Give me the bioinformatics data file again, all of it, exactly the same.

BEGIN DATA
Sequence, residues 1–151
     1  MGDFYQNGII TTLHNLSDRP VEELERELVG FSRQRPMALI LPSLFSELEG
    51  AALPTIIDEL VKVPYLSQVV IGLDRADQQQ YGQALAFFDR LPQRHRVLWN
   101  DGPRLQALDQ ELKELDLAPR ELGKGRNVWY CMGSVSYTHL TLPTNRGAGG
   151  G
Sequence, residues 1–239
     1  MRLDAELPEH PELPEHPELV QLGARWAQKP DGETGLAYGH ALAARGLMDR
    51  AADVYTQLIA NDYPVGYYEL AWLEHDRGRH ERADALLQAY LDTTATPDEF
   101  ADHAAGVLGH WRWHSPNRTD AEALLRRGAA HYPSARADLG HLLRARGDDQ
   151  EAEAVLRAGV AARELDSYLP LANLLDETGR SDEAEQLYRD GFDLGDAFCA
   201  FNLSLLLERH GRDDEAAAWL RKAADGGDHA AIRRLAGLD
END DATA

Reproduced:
Sequence, residues 1–151
     1  MGDFYQNGII TTLHNLSDRP VEELERELVG FSRQRPMALI LPSLFSELEG
    51  AALPTIIDEL VKVPYLSQVV IGLDRADQQQ YGQALAFFDR LPQRHRVLWN
   101  DGPRLQALDQ ELKELDLAPR ELGKGRNVWY CMGSVSYTHL TLPTNRGAGG
   151  G
Sequence, residues 1–239
     1  MRLDAELPEH PELPEHPELV QLGARWAQKP DGETGLAYGH ALAARGLMDR
    51  AADVYTQLIA NDYPVGYYEL AWLEHDRGRH ERADALLQAY LDTTATPDEF
   101  ADHAAGVLGH WRWHSPNRTD AEALLRRGAA HYPSARADLG HLLRARGDDQ
   151  EAEAVLRAGV AARELDSYLP LANLLDETGR SDEAEQLYRD GFDLGDAFCA
   201  FNLSLLLERH GRDDEAAAWL RKAADGGDHA AIRRLAGLD